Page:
Giant Batman Album #32, March 1976
Cover artists: Nick Cardy Sheldon Moldoff
Batman with Robin The Boy Wonder: The Signalman of Crime
Bill Finger/Sheldon Moldoff/Charles Paris
Batman #112, December 1957
Wanted. The World’s Most Dangerous Villains #1, July-August 1971
Batman and Robin The Boy Wonder: The First Batman
Bill Finger/Sheldon Moldoff
Detective Comics 235, September 1956
Batman #255, March-April 1974
Batman with Robin The Boy Wonder: The Witch and the Manuscript of Doom!
Bill Finger/Bob Kane/George Roussos
World's Best Comics #1, Spring 1941
Batman #254, January-February 1974
Batman with Robin The Boy Wonder: Crimes Man-Hunt
Joe Greene/Dick Sprang
Detective Comics #92, October 1944
Batman #261, March-April 1975
Batman with Robin The Boy Wonder: The Grade A Crimes
Bunny Lyons/Jack Burnley/Ray Burnley
Batman #16, April-May 1943
Batman #260, January-February 1975
Batman with Robin The Boy Wonder: The Man with a Thousand Eyes!
Bill Finger/Bob Kane/Lew Schwartz/Charles Paris
World's Finest Comics #43, December 1949-January 1950
Batman #258, September-October 1974
Batman with Robin The Boy Wonder: Tweedledum and Tweedledee!
Don Cameron/Jerry Robinson/Bob Kane/Charles Paris/George Roussos
Detective Comics #74, April 1943
World's Finest Comics #209, February 1972
Batman: untitled (The Origin of Batman aka The Batman Wars Against The Dirigible of Doom
Gardner Fox/Bob Kane
Detective Comics #33, November 1939
Secret Origins #1, February-March 1973
Batman with Robin The Boy Wonder: Knights of Knavery
Alvin Schwartz/Jack Burnley/Jerry Robinson
Batman #25, October-November 1944
Wanted. The World's Most Dangerous Villains #2, September-October 1972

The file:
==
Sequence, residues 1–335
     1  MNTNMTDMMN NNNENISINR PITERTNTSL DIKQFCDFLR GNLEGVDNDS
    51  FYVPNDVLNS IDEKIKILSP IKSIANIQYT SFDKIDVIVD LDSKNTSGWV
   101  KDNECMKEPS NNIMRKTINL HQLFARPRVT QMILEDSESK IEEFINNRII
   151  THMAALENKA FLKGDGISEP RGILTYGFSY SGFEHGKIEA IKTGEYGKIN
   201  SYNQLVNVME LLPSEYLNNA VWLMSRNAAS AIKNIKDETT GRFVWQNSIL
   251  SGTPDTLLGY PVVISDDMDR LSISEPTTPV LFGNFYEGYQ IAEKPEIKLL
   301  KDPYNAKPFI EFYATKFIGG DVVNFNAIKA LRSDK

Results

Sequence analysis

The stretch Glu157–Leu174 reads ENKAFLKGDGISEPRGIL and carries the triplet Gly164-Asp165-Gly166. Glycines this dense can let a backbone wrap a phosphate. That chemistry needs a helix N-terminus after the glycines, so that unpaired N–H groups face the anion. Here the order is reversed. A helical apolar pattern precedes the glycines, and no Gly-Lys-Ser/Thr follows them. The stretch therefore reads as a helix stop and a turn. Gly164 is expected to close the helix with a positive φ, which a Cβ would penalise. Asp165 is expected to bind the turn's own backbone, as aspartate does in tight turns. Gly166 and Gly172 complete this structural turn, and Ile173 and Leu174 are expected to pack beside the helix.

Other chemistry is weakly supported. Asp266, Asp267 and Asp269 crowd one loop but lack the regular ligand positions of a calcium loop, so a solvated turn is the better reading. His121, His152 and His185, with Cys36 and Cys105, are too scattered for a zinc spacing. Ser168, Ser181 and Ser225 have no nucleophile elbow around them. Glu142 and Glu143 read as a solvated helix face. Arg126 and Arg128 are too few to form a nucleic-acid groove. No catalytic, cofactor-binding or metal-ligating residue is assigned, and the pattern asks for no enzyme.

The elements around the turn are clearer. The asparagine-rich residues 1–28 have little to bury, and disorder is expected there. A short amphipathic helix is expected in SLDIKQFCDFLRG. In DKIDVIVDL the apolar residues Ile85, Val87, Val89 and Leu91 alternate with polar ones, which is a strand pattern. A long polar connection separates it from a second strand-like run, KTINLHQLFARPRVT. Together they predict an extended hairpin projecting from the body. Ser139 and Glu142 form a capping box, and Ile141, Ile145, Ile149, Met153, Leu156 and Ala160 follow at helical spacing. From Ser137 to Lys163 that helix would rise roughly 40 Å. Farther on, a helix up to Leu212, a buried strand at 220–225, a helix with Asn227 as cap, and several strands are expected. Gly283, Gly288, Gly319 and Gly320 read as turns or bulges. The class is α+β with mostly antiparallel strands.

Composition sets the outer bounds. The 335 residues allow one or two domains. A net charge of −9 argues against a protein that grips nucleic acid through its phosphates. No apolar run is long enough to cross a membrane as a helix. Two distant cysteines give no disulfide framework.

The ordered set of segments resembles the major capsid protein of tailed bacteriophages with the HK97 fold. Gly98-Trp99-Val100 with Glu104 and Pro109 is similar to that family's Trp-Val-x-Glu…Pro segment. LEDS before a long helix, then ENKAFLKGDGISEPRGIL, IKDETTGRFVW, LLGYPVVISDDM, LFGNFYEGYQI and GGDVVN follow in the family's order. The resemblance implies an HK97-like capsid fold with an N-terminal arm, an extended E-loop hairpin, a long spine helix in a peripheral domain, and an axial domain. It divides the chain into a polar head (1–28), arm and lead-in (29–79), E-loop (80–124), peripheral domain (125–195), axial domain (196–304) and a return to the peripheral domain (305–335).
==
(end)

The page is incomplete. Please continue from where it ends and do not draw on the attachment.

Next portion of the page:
Giant Batman Album #32 is a true companion piece to Giant Batman Album #31. Similarly to #31 this issue has a charming K.G. Murray-generated cut-and-paste cover. The main cover image is from the splash page of “The First Batman”; The "Grade A Crimes" image is from Batman #260; and the "3 Evil Eyes" image is from Batman #258.
Also noteworthy is that whilst most of the reprints are, as usual, sourced from the US issues of Batman and Detective Comics, they have been judiciously supplemented by material from other series such as Secret Origins and Wanted: The World's Most Dangerous Villains. You’ll recall I noted with approval the decision to include "The Man from Robin's Past" in Giant Batman Album #31. The K.G. Murray editors had been quite consciously dabbling with the contents mix in issues of Giant Batman Album since #25, with mostly interesting results, but also with a couple of notable ‘unfortunate’ selections too, which I’ll cover in the next few days.
I mentioned it in passing yesterday, but I’ll just reiterate for the record that this issue is the first to use the new Batman masthead which was appearing in the US series, and also marks the point at which Giant Batman Album becomes simply Batman Album. No doubt this is related to the streamlining of titles under the second Planet Comics logo as other titles also exhibited similar changes in their titles with the their first ‘new logo’ issues (Giant Flash Album became The Flash Album with #13; Giant Jimmy Olsen Album and Giant Superboy Album terminated; Giant Lois Lane Album morphed strangely and belatedly into Lois Lane Album a couple of years later continuing the numbering from Lois Lane Comic; Giant Supergirl Album had a bet each way becoming Superman Presents Supergirl Album; and, staying true to its invulnerable form, Giant Superman Album prevailed until the very end.) Of course the most notable change of all was that the longtanding anthology titles converted to eponymous titles eg Tip Top Comic Monthly to Batman, which, I should add, also used the new Batman masthead for the duration – streamlining indeed! But that is a topic for another blog!
Nevertheless, regardless of the change in title, I still think of #32 as a Giant Batman Album. I think it deserves it, at the very least in honour of its allegiance to its forebears in presenting exclusively vintage Batman reprints.
The series changed in this regard with the following issue, in which contemporary stories rubbed shoulders with vintage stories for quite a few issues. But it was an odd, at times rather uneasy mix - I guess it just didn't feel like the good ol' Giant Batman Album series any more. (There were two or three previous instances of such mixing, but they are different cases to the post-#33 issues, and I'll discuss them in the next few days).